On Tuesday, President Obama unveiled his Fiscal Year 2015 budget proposal, for what it’s worth (not much, according to the National Taxpayers Union Foundation, which describes it as “[i]ncomplete, inconclusive, and indecipherable”). He proposes to spend $3.901 trillion (that’s $3,901,000,000,000), almost $1 trillion (33%) more than in 2008. The Obama administration describes this budget as ending the “era of austerity.” The “era of austerity” is apparently FY2012 and FY2013, when actual outlays declined by a whopping 4% from the stimulus-swollen FY2011 level.
Me, I’d rather look back at a different “era.” Remember Bill “the era of big government is over” Clinton? He’s revered by the Socialist Democrats, and his eight years in office are viewed as some kind of golden age. Let’s set the Wayback Machine to FY1999, the last full fiscal year of the Clinton presidency.
Actual FY1999 outlays were $1.702 trillion. According to this price deflator calculator, that’s $2.266 trillion in 2013 dollars. About 42% lower than Obama’s proposed FY2015 budget. Now that’s what I call austerity — or at least a good start.
My memory isn’t what it used to be, but I don’t recall children starving, bridges collapsing, and old people dying in the streets during the Clinton years.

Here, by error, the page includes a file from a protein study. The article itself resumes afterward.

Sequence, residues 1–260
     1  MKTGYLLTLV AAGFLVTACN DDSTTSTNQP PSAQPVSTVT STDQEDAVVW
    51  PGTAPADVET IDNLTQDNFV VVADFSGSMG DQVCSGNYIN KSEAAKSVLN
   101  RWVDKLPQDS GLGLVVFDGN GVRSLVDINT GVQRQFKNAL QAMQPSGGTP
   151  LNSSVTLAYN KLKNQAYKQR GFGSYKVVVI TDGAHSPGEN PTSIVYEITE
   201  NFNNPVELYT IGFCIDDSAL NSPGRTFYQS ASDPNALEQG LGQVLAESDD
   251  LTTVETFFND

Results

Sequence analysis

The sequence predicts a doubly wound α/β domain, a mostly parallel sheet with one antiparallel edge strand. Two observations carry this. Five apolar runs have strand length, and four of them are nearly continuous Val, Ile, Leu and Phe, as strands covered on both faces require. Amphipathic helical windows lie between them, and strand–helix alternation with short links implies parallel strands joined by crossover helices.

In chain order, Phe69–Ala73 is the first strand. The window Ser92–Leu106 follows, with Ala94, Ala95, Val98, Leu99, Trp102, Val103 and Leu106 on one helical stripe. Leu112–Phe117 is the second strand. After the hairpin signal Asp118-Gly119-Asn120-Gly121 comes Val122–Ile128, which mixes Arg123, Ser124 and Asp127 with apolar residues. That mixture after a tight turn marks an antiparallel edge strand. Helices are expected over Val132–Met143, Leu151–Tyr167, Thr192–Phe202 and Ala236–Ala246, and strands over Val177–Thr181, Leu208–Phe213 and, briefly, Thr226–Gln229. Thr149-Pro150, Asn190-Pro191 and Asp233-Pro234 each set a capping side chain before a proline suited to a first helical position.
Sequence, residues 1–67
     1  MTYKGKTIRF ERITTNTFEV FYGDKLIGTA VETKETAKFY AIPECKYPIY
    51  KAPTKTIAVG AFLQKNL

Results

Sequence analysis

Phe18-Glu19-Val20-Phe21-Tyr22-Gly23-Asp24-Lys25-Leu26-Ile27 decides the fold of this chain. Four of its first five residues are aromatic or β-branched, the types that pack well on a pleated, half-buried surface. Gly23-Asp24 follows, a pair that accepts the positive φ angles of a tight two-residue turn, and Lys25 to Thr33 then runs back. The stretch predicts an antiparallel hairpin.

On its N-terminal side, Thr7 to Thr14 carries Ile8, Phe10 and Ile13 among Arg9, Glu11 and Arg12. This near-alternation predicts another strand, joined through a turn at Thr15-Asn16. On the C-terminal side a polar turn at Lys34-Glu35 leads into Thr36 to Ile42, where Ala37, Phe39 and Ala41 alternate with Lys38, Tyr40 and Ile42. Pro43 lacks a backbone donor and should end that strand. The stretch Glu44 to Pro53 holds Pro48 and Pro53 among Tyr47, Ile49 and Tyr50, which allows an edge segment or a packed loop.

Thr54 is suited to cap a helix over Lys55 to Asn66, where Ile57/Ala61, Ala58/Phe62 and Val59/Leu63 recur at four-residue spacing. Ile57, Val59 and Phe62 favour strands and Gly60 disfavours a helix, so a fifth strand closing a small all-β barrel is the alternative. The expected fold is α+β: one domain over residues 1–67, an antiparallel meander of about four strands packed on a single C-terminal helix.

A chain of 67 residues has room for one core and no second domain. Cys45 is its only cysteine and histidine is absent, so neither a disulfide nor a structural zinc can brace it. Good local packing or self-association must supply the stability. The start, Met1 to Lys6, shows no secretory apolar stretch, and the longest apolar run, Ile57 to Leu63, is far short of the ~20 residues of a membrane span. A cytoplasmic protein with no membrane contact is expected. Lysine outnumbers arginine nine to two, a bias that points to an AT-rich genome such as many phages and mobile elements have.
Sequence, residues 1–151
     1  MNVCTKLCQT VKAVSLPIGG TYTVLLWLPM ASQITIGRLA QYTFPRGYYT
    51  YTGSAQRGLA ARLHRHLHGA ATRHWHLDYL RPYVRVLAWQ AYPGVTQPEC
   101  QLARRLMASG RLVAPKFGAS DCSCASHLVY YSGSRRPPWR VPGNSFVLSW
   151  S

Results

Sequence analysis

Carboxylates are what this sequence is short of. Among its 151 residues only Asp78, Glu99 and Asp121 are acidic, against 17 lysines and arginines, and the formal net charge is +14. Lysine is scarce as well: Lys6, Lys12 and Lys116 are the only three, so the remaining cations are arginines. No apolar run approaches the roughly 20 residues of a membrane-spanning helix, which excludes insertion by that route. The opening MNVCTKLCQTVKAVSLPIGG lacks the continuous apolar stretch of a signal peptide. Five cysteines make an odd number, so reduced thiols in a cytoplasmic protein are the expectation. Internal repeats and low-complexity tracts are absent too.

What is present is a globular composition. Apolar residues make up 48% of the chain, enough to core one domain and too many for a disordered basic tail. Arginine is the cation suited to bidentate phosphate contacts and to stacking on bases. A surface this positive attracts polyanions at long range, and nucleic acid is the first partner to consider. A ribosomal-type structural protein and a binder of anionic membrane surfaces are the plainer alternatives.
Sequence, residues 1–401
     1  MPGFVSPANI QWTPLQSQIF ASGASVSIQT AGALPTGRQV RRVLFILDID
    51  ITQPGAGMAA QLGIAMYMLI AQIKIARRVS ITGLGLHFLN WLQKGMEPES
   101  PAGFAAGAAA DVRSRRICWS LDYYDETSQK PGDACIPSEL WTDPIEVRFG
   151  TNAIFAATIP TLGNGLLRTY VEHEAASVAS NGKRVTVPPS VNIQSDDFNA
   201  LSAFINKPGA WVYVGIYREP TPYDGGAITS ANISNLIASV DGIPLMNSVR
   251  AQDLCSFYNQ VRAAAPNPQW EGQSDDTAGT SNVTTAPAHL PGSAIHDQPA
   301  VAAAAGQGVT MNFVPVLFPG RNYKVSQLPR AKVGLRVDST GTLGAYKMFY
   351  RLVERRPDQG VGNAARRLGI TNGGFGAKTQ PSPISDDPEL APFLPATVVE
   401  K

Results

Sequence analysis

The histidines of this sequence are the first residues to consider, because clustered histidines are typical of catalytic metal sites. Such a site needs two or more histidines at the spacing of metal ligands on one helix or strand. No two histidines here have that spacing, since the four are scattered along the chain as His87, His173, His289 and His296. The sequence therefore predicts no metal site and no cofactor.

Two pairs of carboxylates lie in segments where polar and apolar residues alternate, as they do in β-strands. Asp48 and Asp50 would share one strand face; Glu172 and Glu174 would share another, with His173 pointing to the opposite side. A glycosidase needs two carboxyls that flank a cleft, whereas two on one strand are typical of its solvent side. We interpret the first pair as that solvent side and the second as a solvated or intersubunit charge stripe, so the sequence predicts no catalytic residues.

If we had a decent opposition party in this country, it would demand a return to Clinton-era spending levels, adjusted for inflation. Heck, I wouldn’t even mind too much if they threw in an adjustment for the 14% population growth since 1999 (even though there’s no logical reason why all federal spending should rise with population). That would still leave the budget 28% lower than Obama’s proposal.
Actually, it’s pointless spending a lot of time on the Obama budget proposal since it’s going nowhere. The Senate’s Socialist Democrats have already made it clear that they won’t be considering a budget resolution this year. Doing so would force all those vulnerable senators up for reelection to choose between rebuffing their president or going on record supporting higher taxes, more spending, and an ever-growing debt burden. This budget proposal is purely PR and talking points.